Sept. 23, 2022

In the first-of-its kind, save-the-world experiment, NASA is about to hit hard a small, harmless asteroid millions of miles away. A spacecraft named Dart will zero in on the asteroid, intent on slamming it head-on at 14,000 mph (22,500 kph).


  • The impact should be just enough to nudge the asteroid into a slightly tighter orbit around its companion space rock — demonstrating that if a killer asteroid ever heads our way, we’d stand a fighting chance of diverting it.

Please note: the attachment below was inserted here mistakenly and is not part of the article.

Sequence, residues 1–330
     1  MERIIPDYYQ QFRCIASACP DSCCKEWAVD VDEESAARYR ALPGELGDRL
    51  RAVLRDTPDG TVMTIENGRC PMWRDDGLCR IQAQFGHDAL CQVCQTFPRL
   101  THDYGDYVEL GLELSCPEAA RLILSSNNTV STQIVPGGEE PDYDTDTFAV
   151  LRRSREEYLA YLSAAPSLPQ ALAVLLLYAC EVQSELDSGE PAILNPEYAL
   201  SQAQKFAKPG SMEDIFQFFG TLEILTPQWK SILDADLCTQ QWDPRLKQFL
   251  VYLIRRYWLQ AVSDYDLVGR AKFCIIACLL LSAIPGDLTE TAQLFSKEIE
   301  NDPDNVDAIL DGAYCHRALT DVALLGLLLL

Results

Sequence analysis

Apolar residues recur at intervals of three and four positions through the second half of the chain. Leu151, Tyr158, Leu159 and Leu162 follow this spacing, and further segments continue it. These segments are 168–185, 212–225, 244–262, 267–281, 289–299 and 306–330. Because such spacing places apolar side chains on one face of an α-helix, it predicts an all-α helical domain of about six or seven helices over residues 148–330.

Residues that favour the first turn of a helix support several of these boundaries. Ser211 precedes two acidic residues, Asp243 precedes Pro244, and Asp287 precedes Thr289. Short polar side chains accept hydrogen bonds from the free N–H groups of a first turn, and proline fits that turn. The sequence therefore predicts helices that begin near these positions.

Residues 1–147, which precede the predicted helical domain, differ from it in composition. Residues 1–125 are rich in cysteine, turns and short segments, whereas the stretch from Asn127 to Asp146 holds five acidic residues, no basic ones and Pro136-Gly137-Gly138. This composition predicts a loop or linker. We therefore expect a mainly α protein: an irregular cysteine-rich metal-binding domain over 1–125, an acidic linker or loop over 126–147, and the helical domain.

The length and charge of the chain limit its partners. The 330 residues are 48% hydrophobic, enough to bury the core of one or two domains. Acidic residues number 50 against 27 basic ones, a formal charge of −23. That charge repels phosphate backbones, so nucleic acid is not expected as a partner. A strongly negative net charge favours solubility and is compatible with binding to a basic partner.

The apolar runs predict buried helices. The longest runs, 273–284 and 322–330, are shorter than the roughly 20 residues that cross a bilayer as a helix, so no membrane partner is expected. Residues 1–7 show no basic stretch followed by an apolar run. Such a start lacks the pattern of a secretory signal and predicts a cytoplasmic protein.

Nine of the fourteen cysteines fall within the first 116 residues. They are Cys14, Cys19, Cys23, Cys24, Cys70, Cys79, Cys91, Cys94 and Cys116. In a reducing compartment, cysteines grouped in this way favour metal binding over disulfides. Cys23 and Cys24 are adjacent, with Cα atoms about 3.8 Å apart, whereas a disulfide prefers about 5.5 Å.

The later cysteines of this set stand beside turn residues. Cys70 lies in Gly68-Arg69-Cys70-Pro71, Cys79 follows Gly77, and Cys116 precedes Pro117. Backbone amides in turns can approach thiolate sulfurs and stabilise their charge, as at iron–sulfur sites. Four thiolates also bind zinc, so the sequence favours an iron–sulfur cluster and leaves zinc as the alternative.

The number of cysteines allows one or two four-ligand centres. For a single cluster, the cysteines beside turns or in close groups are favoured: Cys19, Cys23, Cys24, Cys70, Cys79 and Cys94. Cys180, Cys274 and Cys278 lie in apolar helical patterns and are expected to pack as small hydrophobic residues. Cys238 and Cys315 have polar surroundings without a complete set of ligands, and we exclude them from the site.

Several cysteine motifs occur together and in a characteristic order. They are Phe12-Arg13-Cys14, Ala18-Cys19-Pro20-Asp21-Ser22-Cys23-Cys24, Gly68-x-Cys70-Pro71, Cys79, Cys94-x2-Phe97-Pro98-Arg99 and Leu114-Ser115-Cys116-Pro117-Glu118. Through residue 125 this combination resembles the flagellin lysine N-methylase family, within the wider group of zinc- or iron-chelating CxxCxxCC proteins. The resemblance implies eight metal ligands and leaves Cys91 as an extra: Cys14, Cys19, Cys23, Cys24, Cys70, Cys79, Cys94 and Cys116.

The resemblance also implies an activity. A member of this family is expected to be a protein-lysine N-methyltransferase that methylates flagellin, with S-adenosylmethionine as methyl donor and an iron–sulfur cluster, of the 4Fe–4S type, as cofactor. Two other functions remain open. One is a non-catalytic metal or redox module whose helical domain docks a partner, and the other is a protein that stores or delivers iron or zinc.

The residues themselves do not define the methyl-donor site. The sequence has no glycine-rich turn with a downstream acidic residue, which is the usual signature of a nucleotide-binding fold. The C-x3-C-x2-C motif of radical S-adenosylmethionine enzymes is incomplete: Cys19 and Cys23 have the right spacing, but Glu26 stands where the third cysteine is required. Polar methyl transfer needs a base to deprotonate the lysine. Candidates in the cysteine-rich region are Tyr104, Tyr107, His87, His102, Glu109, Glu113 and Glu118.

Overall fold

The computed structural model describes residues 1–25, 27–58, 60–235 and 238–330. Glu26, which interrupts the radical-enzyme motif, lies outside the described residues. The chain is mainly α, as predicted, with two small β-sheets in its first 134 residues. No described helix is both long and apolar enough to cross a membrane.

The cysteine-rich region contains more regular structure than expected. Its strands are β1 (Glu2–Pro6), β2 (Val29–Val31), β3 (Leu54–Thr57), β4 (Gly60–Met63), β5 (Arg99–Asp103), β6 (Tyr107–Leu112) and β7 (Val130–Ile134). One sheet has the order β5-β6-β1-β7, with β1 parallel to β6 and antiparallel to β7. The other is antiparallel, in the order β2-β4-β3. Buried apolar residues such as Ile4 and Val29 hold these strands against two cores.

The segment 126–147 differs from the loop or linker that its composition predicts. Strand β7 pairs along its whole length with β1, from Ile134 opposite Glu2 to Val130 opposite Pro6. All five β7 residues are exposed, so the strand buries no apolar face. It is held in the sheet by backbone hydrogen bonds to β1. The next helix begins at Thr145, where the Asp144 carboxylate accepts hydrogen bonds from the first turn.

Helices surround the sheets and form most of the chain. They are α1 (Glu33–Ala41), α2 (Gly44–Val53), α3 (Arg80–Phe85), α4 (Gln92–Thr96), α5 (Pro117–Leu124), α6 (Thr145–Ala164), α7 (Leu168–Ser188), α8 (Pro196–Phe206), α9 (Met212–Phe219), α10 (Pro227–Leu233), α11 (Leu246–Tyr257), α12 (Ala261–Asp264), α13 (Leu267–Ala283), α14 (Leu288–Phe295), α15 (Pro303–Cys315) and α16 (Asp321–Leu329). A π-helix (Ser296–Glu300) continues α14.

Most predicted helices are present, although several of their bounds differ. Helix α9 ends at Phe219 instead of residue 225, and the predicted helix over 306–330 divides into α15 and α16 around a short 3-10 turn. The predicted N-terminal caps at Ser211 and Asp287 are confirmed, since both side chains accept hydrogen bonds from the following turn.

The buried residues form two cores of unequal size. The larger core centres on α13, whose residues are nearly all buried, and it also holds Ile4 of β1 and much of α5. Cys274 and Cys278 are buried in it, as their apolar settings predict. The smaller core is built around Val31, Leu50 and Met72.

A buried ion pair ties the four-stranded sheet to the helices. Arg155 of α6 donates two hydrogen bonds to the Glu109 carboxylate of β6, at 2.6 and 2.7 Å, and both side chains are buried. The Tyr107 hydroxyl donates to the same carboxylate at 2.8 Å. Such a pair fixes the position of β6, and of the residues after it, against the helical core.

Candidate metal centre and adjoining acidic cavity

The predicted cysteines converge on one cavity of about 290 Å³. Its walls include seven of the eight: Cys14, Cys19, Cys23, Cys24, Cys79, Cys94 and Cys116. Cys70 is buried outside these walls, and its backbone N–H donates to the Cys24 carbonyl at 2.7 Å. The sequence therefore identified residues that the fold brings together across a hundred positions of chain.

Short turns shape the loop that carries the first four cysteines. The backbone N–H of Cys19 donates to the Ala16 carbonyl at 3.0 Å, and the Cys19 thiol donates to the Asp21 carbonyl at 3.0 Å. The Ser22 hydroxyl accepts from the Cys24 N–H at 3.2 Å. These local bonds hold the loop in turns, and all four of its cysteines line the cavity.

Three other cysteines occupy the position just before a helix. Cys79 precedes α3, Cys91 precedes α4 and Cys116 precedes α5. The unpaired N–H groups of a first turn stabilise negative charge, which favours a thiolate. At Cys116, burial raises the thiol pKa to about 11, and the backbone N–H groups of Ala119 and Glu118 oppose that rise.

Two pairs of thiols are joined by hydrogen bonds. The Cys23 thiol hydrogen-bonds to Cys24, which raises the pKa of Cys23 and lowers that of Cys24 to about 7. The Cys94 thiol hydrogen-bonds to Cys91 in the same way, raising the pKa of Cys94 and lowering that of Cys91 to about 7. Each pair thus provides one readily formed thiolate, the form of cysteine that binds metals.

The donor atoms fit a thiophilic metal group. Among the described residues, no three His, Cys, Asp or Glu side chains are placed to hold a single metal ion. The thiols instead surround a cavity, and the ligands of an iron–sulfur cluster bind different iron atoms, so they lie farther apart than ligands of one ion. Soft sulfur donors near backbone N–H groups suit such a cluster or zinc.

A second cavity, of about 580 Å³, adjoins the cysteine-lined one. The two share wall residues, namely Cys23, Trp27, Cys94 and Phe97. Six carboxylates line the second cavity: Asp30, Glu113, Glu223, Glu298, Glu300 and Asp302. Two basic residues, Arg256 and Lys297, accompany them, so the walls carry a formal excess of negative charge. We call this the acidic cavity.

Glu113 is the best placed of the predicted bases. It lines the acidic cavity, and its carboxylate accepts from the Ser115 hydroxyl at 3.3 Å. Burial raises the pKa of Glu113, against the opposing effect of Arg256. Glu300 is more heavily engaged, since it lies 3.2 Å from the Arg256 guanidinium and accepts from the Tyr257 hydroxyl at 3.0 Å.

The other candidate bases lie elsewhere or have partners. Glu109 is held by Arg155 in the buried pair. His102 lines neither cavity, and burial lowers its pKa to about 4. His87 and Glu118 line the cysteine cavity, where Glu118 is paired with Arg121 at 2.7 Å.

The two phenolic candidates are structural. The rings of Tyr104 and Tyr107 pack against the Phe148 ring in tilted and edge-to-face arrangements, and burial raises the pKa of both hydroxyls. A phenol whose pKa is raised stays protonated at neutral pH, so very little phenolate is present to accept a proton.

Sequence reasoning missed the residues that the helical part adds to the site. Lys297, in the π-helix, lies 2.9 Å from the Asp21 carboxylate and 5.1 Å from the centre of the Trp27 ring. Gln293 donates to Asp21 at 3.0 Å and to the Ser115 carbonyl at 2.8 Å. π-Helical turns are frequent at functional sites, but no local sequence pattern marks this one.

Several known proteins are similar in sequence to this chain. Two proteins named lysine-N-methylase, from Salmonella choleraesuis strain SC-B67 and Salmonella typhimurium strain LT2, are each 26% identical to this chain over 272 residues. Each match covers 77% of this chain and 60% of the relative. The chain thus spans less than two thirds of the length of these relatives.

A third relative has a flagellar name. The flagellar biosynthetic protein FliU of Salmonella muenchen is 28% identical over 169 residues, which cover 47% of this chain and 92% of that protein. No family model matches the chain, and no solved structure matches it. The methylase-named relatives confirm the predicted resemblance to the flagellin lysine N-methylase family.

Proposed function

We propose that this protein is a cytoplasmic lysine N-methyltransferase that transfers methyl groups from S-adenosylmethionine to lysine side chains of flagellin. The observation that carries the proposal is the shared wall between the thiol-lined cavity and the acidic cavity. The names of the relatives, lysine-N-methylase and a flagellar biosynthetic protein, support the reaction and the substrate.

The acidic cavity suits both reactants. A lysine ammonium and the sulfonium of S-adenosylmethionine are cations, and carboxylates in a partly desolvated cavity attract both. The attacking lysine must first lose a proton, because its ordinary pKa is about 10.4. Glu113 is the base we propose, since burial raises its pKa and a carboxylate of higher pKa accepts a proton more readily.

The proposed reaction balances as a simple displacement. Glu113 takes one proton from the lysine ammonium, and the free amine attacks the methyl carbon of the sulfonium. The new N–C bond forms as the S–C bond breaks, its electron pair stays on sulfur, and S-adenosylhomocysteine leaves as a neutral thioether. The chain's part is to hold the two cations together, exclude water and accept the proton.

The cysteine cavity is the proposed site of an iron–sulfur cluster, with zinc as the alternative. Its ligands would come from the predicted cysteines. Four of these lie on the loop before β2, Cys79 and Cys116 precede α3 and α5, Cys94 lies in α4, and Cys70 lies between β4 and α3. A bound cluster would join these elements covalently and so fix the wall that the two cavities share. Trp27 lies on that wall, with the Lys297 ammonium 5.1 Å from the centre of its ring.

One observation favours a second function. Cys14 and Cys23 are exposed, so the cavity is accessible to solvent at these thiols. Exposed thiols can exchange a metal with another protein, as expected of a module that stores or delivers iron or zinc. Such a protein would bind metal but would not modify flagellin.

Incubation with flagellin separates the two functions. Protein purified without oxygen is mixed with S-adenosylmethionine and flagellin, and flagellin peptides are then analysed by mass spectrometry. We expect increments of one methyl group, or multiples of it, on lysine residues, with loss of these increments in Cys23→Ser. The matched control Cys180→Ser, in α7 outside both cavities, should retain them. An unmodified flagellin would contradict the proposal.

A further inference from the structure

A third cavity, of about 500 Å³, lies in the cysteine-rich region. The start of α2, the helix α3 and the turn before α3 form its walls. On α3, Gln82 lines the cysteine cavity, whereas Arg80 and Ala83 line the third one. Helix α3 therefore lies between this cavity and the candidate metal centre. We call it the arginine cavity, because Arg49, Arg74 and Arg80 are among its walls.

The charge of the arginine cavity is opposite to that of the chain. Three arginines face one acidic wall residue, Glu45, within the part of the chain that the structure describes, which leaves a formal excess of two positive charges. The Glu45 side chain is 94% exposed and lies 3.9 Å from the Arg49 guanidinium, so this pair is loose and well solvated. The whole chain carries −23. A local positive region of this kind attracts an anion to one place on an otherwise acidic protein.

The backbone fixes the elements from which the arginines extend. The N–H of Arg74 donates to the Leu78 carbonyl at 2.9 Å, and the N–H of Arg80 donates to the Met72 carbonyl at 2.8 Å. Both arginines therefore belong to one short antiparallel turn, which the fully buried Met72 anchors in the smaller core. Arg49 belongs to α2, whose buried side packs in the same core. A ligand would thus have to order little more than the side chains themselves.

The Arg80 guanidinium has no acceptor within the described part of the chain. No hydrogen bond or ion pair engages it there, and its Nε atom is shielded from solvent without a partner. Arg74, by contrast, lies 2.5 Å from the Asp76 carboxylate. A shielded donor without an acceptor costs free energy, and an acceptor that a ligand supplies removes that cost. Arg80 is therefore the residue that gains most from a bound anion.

• The asteroid with the bull’s-eye on it is Dimorphos, about 7 million miles (9.6 million kilometers) from Earth.
  • It is actually the puny sidekick of a 2,500-foot (780-meter) asteroid named Didymos, Greek for twin.
  • Discovered in 1996, Didymos is spinning so fast that scientists believe it flung off material that eventually formed a moonlet. Dimorphos — roughly 525 feet (160 meters) across — orbits its parent body at a distance of less than a mile (1.2 kilometers).